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Patagonian Toothfish (2020)

Dissostichus eleginoides

  • Heather Patterson (Australian Bureau of Agricultural and Resource Economics and Sciences)

Date Published: June 2021

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Summary

Patagonian Toothfish is a  species found in the southern oceans. Two distinct biological stocks are reviewed here, one at Macquarie Island and one at Heard Island and the McDonald Islands. Both stocks are considered sustainable.

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Stock Status Overview

Stock status determination
Jurisdiction Stock Stock status Indicators
Commonwealth Heard Island and McDonald Islands Sustainable

Spawning stock biomass, projected biomass

Commonwealth Macquarie Island Sustainable Spawning stock biomass, projected biomass
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Stock Structure

Genetic studies have found that Patagonian Toothfish at Macquarie Island, and at Heard Island and the McDonald Islands, are two distinct biological stocks [Appleyard et al. 2002]. However, there is some level of exchange between the Heard Island and McDonald Islands stock and the Kerguelen Plateau stock [Welsford et al. 2012]. The stock structure of toothfish on the Kerguelen Plateau is being further investigated in collaboration with French scientists so that population models of toothfish in the area can be refined and management can be improved across the Kerguelen Plateau [Péron et al. 2016].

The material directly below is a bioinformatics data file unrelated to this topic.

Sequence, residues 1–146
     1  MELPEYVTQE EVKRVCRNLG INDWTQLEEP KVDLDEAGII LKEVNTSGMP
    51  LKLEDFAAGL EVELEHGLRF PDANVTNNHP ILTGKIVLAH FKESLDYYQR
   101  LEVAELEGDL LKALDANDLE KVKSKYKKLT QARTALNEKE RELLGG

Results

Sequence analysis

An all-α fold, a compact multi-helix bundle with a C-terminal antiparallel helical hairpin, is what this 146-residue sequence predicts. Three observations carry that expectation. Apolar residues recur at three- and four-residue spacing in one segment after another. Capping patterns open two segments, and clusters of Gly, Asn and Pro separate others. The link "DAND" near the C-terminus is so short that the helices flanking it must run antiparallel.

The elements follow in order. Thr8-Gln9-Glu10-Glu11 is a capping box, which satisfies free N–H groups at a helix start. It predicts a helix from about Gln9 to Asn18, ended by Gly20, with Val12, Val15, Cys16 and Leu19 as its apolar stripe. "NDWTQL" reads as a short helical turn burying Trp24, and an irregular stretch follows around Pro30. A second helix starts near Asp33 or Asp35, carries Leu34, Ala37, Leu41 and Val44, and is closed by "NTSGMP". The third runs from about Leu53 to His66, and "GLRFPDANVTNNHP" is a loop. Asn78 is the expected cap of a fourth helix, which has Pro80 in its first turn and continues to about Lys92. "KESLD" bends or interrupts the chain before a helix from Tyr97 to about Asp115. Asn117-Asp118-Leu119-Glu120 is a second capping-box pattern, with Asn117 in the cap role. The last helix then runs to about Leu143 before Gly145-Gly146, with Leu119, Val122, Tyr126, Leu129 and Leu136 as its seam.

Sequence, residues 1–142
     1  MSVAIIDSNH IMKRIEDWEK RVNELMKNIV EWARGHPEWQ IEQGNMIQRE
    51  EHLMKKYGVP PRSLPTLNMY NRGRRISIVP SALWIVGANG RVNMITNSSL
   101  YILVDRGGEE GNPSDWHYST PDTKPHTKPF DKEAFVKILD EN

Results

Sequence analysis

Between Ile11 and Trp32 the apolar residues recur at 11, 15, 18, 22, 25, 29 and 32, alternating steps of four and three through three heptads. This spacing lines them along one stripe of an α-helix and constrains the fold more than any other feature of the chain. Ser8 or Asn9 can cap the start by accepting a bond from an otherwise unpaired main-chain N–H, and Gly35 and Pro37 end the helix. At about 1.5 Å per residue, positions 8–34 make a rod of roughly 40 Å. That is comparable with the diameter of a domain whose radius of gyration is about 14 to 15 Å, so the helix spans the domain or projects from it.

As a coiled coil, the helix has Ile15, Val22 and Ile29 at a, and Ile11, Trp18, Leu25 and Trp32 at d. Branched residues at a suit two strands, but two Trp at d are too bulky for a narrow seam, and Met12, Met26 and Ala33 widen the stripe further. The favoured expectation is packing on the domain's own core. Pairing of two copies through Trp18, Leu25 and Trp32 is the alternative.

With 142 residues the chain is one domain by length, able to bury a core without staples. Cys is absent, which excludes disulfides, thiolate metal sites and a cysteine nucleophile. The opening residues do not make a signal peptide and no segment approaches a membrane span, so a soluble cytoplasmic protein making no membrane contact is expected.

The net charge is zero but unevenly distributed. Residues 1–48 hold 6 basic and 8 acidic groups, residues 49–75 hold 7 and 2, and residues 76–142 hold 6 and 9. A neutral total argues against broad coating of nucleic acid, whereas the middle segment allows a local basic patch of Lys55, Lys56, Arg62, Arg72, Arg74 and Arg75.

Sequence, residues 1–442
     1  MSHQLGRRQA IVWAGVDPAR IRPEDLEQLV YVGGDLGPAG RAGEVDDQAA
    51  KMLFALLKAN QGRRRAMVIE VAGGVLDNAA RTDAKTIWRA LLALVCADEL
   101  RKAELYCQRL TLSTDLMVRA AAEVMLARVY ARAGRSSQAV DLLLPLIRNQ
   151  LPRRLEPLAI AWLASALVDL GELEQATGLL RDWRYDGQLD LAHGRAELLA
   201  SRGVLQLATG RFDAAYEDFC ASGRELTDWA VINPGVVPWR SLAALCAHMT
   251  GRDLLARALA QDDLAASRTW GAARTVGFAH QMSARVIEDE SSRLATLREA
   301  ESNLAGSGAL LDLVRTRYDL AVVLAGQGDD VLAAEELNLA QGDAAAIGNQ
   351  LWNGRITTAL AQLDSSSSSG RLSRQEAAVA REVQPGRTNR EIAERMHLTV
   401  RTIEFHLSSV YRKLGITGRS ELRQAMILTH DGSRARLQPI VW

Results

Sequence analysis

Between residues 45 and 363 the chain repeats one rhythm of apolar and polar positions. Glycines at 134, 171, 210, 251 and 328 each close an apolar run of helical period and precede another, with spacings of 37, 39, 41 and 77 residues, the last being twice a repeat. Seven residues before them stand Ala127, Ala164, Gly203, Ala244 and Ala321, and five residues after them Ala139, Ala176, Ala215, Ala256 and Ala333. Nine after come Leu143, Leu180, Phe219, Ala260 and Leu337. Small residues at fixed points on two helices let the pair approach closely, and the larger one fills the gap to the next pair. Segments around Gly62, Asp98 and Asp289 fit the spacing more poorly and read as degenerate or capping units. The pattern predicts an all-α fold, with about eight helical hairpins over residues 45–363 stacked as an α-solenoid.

Here, assessment of stock status is presented at the management unit level—Heard Island and McDonald Islands; and at the biological stock level—Macquarie Island.

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Stock Status

Heard Island and McDonald Islands